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"Voler" means "to fly." And "en" means "in," while the s' is the reflexive.

Yet, "s'envoler" means to fly away, which is different from what I would expect, reading the above. (And google translate gives me "loin" for away, so I would expect that to appear somewhere in the expression.)

How does something like "s'envoler" or "fly in" become "fly away." Could this be a reference to something like "in flight?"

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Envoler does not mean to fly into something, it means to go into a state of flying. This is a common meaning of the prefix en- (§A.2, B, C): s'endormir (to enter a state of sleeping, i.e. to fall asleep), s'endeuiller (to enter a state of mourning), s'enrichir (to enter a state of being rich(er), i.e. to become rich(er)), … Without the reflexive pronoun, the verb means to cause something to enter the corresponding state (endormir: to make someone sleep, enrichir: to make someone richer, …).

S'envoler is a pronominal verb. Envoler is never used without a pronoun. The etymological idea is presumably that the subject is taking flight under its own power, even if this does not have to be the case (“Il ouvrit la fenêtre. Le vent fit s'envoler les papiers.” = “He opened the window. The wind sent the papers flying.”)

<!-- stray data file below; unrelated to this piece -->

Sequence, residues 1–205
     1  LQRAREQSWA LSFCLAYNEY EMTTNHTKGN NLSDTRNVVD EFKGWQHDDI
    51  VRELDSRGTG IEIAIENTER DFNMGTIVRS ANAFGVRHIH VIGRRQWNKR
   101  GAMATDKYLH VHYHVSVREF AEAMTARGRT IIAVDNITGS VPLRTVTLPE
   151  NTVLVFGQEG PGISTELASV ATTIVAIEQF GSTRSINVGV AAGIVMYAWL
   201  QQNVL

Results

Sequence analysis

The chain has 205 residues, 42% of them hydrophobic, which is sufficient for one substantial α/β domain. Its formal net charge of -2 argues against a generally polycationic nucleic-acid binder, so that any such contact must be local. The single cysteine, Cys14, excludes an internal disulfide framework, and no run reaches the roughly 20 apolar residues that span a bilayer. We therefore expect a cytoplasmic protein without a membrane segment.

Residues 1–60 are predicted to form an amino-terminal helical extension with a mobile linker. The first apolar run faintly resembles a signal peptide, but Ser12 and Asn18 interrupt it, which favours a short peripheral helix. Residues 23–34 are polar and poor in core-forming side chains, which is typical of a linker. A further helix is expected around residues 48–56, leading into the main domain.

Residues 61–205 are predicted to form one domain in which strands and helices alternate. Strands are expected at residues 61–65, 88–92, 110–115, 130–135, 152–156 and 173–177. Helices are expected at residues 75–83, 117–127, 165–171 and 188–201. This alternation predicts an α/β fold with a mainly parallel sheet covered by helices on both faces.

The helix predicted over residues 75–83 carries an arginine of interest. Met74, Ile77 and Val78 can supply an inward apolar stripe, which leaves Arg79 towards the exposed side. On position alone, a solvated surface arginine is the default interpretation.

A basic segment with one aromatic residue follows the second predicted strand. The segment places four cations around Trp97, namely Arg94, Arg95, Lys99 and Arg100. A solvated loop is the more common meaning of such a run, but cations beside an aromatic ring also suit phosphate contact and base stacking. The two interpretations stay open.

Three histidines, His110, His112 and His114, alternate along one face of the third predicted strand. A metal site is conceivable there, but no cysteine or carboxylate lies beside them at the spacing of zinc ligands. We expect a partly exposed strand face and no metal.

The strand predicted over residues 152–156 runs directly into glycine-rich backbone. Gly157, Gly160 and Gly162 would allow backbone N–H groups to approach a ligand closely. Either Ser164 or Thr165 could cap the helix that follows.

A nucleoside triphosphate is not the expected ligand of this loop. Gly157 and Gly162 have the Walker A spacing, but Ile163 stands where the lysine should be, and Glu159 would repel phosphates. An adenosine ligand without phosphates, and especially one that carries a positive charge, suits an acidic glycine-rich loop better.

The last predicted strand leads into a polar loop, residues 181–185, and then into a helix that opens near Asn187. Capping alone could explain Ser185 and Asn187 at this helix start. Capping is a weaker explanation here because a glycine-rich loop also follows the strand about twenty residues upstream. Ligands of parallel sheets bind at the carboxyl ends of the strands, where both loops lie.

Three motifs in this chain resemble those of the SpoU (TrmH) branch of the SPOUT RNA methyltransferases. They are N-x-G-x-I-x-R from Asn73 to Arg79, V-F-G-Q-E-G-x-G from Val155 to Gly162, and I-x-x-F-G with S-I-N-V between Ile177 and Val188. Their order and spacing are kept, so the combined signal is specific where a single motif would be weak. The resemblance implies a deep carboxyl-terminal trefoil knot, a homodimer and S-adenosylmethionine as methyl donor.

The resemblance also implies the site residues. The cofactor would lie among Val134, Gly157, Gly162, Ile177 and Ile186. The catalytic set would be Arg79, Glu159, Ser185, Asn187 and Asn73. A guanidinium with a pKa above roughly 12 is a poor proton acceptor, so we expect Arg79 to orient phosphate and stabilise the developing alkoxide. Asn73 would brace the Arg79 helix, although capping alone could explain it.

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"Voler" means "to fly" and "s'envoler" means the "action that represents the start of the flight".

L'avion s'envole = l'avion décolle = The plane takes off = the plane flies away.

And after than the plane has take off, L'avion est en vol = The plane is in flight.

So the "en" in "envol" is not the preposition in this case. And "envol" has not the same meaning as "en vol" in two words.

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